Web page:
This is a load simulator we use to diagnose saw engines with ignition systems that have heat-related problems. It is an adjustable air brake, so while the engine thinks it is cutting wood, it is actually pumping air. We joke that it simulates the world's longest cut. With this tool, we can bring a saw engine up to (or passed) working temperature in a very short time. Since the load is constant and fairly quiet, it is also easy to monitor the engine for misfires or other operating defects that would be hard to observe if the saw was actually cutting wood.
This symptom is also similar to what happens when the fuel vent on the tank is plugged, so diagnosing heat related ignition problems can be tricky. When trying to restart a saw you suspect has a heat related ignition problem, run the saw until the problem occurs, then open the fuel cap just enough to allow air into the tank, then reseal it. If the saw restarts immediately after you vented the tank, the ignition may be fine and you have a vent to repair.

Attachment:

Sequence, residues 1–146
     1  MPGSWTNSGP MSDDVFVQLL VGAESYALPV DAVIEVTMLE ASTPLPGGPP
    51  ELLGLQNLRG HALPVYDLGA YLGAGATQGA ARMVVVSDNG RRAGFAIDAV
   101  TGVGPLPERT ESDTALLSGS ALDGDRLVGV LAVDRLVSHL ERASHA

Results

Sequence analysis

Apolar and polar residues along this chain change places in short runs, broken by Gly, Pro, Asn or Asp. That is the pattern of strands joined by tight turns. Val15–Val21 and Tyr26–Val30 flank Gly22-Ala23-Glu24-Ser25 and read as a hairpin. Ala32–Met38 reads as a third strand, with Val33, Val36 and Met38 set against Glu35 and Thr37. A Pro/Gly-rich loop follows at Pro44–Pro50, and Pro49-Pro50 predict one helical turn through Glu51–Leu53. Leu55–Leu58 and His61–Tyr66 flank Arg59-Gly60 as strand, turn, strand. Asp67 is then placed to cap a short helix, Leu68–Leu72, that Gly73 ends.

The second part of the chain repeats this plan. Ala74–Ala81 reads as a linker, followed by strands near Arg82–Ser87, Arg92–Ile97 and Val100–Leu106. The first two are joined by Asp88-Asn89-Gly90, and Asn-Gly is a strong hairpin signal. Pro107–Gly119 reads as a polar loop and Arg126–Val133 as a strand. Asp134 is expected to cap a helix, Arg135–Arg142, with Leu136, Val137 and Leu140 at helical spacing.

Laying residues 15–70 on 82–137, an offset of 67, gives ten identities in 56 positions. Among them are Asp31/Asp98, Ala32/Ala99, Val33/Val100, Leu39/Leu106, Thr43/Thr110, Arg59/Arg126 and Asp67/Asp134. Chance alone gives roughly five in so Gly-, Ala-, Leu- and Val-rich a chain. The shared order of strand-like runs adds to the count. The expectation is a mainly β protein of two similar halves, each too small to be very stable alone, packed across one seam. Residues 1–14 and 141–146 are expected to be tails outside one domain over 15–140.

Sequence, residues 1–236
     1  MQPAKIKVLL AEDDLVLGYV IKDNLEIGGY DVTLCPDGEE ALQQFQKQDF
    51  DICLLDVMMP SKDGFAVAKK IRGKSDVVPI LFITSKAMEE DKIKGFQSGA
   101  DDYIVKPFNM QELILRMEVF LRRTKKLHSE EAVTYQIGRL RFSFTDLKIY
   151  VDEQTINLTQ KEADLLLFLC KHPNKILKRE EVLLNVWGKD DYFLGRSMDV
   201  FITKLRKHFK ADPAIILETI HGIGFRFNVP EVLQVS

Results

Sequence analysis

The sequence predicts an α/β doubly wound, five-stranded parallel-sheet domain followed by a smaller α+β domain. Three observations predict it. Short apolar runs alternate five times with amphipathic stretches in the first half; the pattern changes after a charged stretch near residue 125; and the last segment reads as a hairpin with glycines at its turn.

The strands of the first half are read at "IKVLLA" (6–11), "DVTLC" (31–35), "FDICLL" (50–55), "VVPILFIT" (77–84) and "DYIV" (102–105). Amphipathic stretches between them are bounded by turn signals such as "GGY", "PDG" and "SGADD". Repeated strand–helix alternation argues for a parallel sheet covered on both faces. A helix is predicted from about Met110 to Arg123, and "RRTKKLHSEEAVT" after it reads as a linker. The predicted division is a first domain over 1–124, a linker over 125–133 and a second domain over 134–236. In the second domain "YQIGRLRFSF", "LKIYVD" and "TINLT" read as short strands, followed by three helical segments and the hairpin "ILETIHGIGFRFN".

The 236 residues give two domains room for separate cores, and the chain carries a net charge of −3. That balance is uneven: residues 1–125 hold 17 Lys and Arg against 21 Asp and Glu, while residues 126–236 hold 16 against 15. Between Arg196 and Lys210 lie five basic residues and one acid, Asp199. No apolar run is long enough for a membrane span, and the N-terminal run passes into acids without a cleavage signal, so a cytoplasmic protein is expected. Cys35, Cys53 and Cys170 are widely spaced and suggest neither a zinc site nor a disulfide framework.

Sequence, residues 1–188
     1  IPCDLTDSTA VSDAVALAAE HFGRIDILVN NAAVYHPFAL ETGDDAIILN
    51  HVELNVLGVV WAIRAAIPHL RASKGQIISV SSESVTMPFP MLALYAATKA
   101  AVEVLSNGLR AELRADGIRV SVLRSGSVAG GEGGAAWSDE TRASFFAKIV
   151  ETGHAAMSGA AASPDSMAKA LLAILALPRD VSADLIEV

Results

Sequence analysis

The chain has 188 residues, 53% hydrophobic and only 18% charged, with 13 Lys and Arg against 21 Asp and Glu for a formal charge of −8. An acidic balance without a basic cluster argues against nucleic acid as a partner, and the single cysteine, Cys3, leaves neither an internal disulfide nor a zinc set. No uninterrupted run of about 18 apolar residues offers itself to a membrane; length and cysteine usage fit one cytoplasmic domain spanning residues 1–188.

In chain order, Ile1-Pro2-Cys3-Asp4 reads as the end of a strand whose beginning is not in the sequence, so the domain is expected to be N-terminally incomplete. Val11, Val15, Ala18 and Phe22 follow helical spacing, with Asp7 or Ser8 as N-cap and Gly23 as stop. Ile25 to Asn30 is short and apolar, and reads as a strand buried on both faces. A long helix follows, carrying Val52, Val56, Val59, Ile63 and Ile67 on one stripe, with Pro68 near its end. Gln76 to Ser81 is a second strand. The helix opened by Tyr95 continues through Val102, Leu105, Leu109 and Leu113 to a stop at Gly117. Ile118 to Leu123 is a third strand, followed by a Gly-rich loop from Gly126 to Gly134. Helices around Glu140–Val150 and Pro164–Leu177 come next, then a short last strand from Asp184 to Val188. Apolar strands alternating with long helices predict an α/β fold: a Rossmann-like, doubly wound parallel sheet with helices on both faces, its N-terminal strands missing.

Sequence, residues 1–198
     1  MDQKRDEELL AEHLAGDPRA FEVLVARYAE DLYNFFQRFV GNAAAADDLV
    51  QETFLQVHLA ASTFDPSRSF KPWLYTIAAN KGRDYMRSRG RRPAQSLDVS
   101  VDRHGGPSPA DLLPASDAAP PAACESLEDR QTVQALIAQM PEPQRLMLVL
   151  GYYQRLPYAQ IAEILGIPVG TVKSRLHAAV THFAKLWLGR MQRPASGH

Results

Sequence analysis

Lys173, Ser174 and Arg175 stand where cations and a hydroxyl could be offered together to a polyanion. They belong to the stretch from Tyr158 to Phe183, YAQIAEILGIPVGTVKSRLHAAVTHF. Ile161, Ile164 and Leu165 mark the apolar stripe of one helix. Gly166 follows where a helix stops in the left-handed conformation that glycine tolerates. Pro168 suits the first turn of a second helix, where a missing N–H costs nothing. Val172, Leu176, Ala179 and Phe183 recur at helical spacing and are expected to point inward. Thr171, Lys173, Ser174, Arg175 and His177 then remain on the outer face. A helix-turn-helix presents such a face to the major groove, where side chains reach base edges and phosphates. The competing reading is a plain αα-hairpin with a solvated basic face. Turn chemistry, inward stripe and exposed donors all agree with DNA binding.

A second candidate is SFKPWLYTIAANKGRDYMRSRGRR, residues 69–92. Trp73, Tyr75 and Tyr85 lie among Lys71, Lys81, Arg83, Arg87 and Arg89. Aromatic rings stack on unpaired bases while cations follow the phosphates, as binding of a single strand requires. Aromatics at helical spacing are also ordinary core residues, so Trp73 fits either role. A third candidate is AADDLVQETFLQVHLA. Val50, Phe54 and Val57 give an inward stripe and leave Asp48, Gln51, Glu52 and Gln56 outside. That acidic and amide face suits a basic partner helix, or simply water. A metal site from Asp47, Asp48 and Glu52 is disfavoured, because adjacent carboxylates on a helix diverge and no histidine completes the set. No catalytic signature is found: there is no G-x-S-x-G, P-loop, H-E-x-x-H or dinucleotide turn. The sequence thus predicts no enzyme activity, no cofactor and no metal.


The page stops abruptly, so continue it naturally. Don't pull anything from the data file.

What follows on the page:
Replacing Ignition Components
Some early electronic ignition systems had two parts - a trigger module and a coil. Today, they are combined into one part. On saws with two piece ignition systems, the trigger module can be changed without changing the coil. This is an easy job, as the trigger is usually mounted with a couple screws. When changing this part, simply remove the old module and mount a new one in its place. Just make sure the new module has a good ground. If you notice any corrosion on the mounting posts or if the screws were not tight, this could be your ignition problem. Modules need to make a good connection with the case.